Is Milestone Builder Holdings Limited’s (HKG:1667) Balance Sheet Strong Enough To Weather A Storm?

Milestone Builder Holdings Limited (HKG:1667) is a small-cap stock with a market capitalization of HK$176m. While investors primarily focus on the growth potential and competitive landscape of the small-cap companies, they end up ignoring a key aspect, which could be the biggest threat to its existence: its financial health. Why is it important? Assessing first and foremost the financial health is essential, as mismanagement of capital can lead to bankruptcies, which occur at a higher rate for small-caps. I believe these basic checks tell most of the story you need to know. Nevertheless, I know these factors are very high-level, so I’d encourage you to dig deeper yourself into 1667 here.

How does 1667’s operating cash flow stack up against its debt?

Over the past year, 1667 has ramped up its debt from HK$54m to HK$108m . With this growth in debt, 1667 currently has HK$6.3m remaining in cash and short-term investments for investing into the business. Moving onto cash from operations, its operating cash flow is not yet significant enough to calculate a meaningful cash-to-debt ratio, indicating that operational efficiency is something we’d need to take a look at. For this article’s sake, I won’t be looking at this today, but you can examine some of 1667’s operating efficiency ratios such as ROA here.

Does 1667’s liquid assets cover its short-term commitments?

At the current liabilities level of HK$269m, it seems that the business has been able to meet these commitments with a current assets level of HK$375m, leading to a 1.39x current account ratio. Generally, for Construction companies, this is a reasonable ratio since there is a bit of a cash buffer without leaving too much capital in a low-return environment.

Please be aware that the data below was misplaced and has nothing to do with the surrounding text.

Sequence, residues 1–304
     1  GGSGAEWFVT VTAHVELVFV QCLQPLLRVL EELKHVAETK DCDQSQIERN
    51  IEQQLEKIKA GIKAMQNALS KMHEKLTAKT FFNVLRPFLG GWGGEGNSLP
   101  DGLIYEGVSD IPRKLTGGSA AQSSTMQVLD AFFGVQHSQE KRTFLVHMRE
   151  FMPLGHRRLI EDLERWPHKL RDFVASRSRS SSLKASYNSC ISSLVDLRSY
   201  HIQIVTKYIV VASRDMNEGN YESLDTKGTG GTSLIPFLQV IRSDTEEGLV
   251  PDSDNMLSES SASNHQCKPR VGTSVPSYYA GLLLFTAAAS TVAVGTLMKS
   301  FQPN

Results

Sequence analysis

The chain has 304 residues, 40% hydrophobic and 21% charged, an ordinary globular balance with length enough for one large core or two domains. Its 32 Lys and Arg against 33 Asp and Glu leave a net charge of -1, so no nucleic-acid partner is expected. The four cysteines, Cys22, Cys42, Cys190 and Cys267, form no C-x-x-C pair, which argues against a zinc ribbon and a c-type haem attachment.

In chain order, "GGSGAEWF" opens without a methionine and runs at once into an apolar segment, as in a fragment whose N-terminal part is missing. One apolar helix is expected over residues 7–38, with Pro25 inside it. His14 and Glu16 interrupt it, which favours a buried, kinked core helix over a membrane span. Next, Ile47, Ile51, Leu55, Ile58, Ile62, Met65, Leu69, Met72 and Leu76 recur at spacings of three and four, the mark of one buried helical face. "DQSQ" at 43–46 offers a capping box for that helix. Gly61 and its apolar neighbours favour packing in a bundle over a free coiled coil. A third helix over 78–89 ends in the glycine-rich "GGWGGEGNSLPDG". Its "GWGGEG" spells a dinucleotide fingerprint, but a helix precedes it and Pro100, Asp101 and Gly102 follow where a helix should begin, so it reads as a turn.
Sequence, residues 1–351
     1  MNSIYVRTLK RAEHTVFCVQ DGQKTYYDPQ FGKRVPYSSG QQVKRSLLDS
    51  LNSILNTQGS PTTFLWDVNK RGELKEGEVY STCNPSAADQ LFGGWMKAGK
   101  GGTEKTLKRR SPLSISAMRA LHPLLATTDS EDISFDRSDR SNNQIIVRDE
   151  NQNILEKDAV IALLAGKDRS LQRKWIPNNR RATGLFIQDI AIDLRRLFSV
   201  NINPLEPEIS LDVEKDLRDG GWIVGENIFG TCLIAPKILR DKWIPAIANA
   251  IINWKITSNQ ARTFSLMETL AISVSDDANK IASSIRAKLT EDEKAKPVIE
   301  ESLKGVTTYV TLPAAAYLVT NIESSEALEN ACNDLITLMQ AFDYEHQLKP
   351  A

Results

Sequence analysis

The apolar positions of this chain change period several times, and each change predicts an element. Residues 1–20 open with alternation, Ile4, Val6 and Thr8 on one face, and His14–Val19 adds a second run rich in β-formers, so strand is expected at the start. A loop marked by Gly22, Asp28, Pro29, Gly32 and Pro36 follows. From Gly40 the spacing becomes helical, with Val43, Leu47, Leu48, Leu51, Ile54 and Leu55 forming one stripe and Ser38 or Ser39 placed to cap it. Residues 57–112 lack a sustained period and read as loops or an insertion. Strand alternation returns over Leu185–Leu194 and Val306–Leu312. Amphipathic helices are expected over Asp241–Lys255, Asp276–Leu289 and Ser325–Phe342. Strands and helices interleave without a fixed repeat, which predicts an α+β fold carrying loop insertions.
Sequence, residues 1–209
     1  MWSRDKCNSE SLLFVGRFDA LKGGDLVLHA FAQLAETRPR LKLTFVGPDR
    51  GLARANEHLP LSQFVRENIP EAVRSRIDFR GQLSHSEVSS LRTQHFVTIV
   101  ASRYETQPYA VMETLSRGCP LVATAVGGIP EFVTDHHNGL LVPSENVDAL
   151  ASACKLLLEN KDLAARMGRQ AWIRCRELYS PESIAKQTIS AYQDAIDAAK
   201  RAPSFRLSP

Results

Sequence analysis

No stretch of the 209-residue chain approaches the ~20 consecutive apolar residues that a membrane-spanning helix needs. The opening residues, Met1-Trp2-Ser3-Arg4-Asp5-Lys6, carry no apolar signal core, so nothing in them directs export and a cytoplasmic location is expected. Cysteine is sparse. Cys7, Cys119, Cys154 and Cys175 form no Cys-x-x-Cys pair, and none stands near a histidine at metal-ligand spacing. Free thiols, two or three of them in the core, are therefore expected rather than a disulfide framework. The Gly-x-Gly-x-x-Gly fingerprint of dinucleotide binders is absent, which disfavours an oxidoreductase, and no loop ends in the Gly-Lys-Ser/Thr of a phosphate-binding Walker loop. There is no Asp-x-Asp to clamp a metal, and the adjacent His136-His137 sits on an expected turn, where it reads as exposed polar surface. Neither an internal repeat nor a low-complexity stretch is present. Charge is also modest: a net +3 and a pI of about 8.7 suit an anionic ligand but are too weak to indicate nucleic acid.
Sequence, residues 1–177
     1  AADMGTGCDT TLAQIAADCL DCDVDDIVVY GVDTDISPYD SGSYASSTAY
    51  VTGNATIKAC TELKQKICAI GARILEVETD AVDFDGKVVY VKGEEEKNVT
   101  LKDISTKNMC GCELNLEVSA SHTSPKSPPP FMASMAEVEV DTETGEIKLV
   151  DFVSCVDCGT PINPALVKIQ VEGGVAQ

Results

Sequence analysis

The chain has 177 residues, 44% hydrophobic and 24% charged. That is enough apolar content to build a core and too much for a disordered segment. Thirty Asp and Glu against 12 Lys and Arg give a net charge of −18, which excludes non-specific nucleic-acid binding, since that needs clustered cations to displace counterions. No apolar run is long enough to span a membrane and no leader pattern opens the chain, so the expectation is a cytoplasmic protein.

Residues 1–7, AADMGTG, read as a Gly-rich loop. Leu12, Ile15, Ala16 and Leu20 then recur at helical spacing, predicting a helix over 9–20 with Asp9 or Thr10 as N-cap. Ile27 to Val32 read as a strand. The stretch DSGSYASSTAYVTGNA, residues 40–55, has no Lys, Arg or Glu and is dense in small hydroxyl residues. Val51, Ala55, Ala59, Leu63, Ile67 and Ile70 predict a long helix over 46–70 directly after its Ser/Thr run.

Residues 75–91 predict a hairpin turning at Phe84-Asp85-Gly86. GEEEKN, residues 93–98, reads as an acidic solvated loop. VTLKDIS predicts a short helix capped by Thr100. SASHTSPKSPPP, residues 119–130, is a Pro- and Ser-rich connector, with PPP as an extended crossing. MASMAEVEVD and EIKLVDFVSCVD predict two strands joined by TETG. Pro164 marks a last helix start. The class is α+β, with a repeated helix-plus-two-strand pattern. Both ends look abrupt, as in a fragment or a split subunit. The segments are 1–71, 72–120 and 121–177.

SEHK:1667 Historical Debt January 2nd 19
SEHK:1667 Historical Debt January 2nd 19

Can 1667 service its debt comfortably?

With a debt-to-equity ratio of 88%, 1667 can be considered as an above-average leveraged company. This is not unusual for small-caps as debt tends to be a cheaper and faster source of funding for some businesses. We can check to see whether 1667 is able to meet its debt obligations by looking at the net interest coverage ratio. A company generating earnings before interest and tax (EBIT) at least three times its net interest payments is considered financially sound. In 1667’s, case, the ratio of 5.79x suggests that interest is appropriately covered, which means that lenders may be inclined to lend more money to the company, as it is seen as safe in terms of payback.

Next Steps:

1667’s high cash coverage means that, although its debt levels are high, the company is able to utilise its borrowings efficiently in order to generate cash flow. Since there is also no concerns around 1667’s liquidity needs, this may be its optimal capital structure for the time being. Keep in mind I haven’t considered other factors such as how 1667 has been performing in the past. I suggest you continue to research Milestone Builder Holdings to get a better picture of the small-cap by looking at:

  1. Future Outlook: What are well-informed industry analysts predicting for 1667’s future growth? Take a look at our free research report of analyst consensus for 1667’s outlook.
  2. Historical Performance: What has 1667’s returns been like over the past? Go into more detail in the past track record analysis and take a look at the free visual representations of our analysis for more clarity.
  3. Other High-Performing Stocks: Are there other stocks that provide better prospects with proven track records? Explore our free list of these great stocks here.

To help readers see past the short term volatility of the financial market, we aim to bring you a long-term focused research analysis purely driven by fundamental data. Note that our analysis does not factor in the latest price-sensitive company announcements.

The author is an independent contributor and at the time of publication had no position in the stocks mentioned. For errors that warrant correction please contact the editor at